I love you...

like a [phat] kid loves [cheese]cake

Thursday, February 17, 2011

Everybody Knows I'm a Motha-Sconing Monster

"I shoot the lights out
Hide til its bright out
Whoa, just another lonely night
Are you willing to sacrifice your life?"
- Kanye West

I am a monster, a murderer, a cereal killer, if you will. And here is why.

I have to have breakfast in the morning. If I don’t, I guarantee that as I walk to class, cars will jump out of my way and freshmen will fall to the floor. Because I am hungry and I am tired, and I need my cereal.

My big, milk-drop-shaped bowl of CTC cereal.

But sometimes, tragedies happen, in that I (a) run out of cereal or (b) run out of milk. And when that happens, I could either (a) make a “quick” trip to Safeway, (b) cry out in agony and wake up the boy (he needed to wake up, anyways), or (c) make use of what I have in my fridge and create something to fuel my morning munchies.

Luckily, I chose (c).

These scones, like all scones, are very easy to make, mostly because so many components are substitutable with anything you have on hand. If you don’t like ginger, use cinnamon. If you hate walnuts, use almonds. You understand.

You can also make them by hand, if you don’t have the luxury (or necessity, in my case) of a KitchenAid. Best of all, scones freeze extremely well, so I highly advise you make extra dough, cut out the shapes, and plastic wrap them so that the next time you need your breakfast bite (or if you need to feed me), you can pop them in the oven and be ready to go in a few extra minutes. And unlike CTC, they are very portable, so you can put them to bake, do your morning routine, and have them as hot and fresh as you as you head out the door.

The icing is not necessary, but I find that it adds a nice finishing touch as it melts into the warm scones. As for the cardamom flavouring, those who know me know my love-affair with it, and I just came back from India, I have been missing it. Feel free to use whatever spice you have or want; I think nutmeg would be delicious.

For even better scones, here are a few tips:

Make sure your butter is cold, like, really cold. You want to have chunks of butter in the dough to help make it moist and expand during the baking process. I always keep a couple sticks in my freezer and grate them into my dry ingredients (cutting up frozen butter is challenging sometimes).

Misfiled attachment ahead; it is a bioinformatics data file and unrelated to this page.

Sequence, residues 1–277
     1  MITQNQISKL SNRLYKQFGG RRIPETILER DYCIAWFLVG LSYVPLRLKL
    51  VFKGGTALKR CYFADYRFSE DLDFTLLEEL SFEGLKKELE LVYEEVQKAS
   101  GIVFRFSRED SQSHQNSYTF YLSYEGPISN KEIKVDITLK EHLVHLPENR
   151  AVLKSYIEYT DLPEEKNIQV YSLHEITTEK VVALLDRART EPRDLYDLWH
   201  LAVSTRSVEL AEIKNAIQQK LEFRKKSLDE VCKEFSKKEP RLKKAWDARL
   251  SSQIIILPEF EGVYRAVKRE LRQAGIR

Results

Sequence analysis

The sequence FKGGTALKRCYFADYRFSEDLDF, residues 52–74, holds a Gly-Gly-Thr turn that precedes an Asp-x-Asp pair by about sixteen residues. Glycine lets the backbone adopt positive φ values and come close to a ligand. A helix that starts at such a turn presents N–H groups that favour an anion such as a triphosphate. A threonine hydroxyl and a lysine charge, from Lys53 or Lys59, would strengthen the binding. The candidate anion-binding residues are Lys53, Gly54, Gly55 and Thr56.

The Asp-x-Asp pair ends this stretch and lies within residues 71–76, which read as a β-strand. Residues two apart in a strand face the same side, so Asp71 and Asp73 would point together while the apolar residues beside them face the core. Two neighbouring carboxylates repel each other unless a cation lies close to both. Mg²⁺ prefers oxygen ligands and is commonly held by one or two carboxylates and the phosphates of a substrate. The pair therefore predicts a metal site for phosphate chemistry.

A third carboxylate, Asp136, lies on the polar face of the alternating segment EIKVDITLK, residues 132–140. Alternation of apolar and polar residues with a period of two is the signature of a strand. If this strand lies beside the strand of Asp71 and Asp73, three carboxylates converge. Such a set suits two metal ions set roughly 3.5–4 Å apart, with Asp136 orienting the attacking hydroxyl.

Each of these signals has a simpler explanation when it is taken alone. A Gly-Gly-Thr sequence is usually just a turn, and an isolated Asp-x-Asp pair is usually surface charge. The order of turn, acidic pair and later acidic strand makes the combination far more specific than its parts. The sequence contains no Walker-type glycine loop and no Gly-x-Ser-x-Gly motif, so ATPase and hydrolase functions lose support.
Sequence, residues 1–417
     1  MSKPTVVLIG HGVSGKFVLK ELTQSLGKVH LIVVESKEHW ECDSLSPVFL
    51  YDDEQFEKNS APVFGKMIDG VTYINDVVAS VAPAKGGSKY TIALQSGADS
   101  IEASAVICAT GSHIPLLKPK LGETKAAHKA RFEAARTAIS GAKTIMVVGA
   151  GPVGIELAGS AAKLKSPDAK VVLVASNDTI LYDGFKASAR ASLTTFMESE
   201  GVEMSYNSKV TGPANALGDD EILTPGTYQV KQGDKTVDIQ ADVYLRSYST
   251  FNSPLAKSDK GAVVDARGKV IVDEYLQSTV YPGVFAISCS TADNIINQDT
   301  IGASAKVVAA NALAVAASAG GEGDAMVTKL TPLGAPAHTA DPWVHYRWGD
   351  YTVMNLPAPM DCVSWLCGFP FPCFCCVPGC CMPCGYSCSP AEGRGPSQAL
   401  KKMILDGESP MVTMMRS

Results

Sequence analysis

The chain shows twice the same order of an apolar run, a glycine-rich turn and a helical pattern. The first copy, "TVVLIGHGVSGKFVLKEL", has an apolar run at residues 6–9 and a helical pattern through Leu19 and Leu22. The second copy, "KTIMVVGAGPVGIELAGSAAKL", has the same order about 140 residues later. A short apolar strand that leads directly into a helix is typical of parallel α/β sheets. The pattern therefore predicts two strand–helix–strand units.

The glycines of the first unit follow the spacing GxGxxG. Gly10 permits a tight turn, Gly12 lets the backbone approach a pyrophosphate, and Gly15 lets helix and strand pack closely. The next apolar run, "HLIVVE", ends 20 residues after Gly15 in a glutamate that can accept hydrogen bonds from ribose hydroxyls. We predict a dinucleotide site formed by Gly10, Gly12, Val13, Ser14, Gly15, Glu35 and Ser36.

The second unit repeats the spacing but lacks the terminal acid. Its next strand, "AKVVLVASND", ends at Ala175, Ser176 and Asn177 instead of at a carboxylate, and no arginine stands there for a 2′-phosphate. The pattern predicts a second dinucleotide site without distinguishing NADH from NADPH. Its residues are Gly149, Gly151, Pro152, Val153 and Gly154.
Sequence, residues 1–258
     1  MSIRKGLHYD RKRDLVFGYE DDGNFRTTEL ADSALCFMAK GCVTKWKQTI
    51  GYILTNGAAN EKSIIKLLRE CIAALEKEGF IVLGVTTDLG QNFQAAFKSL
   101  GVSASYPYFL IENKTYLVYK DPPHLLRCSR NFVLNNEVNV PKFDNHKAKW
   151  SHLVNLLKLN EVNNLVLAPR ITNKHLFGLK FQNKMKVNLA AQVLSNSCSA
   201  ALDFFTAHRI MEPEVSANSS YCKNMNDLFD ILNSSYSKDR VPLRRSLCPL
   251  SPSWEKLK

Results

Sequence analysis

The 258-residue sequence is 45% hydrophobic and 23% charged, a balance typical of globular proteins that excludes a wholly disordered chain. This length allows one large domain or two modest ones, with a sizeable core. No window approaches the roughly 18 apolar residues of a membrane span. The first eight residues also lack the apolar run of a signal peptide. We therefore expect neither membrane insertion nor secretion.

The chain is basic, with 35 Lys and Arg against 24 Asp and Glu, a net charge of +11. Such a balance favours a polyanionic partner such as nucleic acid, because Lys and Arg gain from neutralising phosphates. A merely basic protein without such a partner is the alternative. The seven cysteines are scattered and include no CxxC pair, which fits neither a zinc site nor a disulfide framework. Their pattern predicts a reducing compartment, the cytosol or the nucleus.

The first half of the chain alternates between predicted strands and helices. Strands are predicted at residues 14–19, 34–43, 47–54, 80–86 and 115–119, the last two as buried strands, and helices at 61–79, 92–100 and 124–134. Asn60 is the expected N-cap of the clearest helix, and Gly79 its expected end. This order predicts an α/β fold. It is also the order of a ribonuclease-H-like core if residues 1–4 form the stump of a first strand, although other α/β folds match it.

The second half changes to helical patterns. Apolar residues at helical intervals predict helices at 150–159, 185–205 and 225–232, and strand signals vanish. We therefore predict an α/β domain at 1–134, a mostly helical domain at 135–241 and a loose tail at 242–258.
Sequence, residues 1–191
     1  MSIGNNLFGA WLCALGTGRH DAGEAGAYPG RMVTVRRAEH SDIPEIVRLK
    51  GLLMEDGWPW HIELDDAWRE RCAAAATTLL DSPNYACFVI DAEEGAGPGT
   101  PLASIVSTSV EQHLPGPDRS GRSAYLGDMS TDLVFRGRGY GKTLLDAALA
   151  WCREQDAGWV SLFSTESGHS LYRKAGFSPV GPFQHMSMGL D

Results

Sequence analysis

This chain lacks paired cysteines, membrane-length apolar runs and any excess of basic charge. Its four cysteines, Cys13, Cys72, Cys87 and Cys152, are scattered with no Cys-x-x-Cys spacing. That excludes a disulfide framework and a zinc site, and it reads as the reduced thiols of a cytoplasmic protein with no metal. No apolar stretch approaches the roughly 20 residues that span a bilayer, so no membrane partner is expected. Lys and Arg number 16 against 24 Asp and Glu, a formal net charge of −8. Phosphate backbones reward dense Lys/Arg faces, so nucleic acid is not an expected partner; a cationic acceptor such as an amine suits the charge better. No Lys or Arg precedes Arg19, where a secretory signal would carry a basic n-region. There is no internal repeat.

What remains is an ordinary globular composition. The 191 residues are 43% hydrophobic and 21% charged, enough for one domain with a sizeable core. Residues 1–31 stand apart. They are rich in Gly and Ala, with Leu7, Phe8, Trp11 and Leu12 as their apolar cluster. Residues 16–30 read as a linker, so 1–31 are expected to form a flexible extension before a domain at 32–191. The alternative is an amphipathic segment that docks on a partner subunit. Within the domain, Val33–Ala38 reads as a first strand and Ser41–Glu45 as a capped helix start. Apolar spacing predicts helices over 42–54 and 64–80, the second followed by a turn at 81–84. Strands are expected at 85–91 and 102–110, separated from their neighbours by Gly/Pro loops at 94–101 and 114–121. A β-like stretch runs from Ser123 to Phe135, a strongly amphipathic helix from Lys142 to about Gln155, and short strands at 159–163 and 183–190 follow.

I bet you thought this was cheese!

If you’re adding nuts, toast them first! Nothing makes your kitchen smell better than the wafting aroma of freshly toasted nuts, and they add another layer of flavour. Plus, it is extremely easy: Lay nuts out on a sheet tray and bake at 350 until brown and fragrant.

You can cut scones into any shape that you like. Traditionally, they are triangles or circles, which is what I did. If you don’t have a biscuit cutter, be creative - I used a shot glass. Yea, college, whattup.

Pear-Ginger Scones with Cardamom Icing (Makes 16 small scones)

2 cups whole-wheat flour
2/3 cup sugar
1 tsp baking powder
1 1/4 tsp ground ginger
1 stick butter, cold and grated
1 pear, peeled/diced (I used Bosc)
1/2 cup toasted walnuts
2/3 cup buttermilk
1 egg
Milk, for brushing

1/2 cup powdered sugar
4 cardamom pods, crushed
1/4 tsp ground cardamom

Preheat oven to 400. Line a baking sheet with parchment paper.
Place all dry ingredients in the bowl of a stand mixer (or a large bowl, if you don’t have one). Add grated butter and mix until butter is evenly distributed. Be careful not to over-mix, as you want there to be noticeable pieces of butter.
Add walnuts and mix only until they are coated with flour.
Add pear, buttermilk, and egg, and stir until just combined. If you mix too long, the dough will become dry, so you still want it to be wet and sticky.
Turn out dough onto a heavily floured surface. Slightly wet your hands and pat it into an even block about 1/2-inch in height. Flour the top of the dough as well as your biscuit cutter (or shot glass), cut out rounds, and place on prepared baking sheet. Keep going until all the scraps are used up. **At this point, you can also freeze the dough by placing on a small tray lined with parchment paper and wrapping tightly in plastic wrap. If you have more than one stack of scones, place a piece of parchment in between the layers to keep them from sticking.**
Brush the tops with the milk. Bake for 10-13 minutes or until golden brown. Let cool for at least 10 minutes and then drizzle the icing on top.

For the icing:
Place the cardamom pods in 1/2 cup of boiling water and let steep for 10 minutes. In the meanwhile, combine powdered sugar and ground cardamom.
Whisk in 1 teaspoon of the cardamom water until combined. Only add as much water to reach your desired consistency.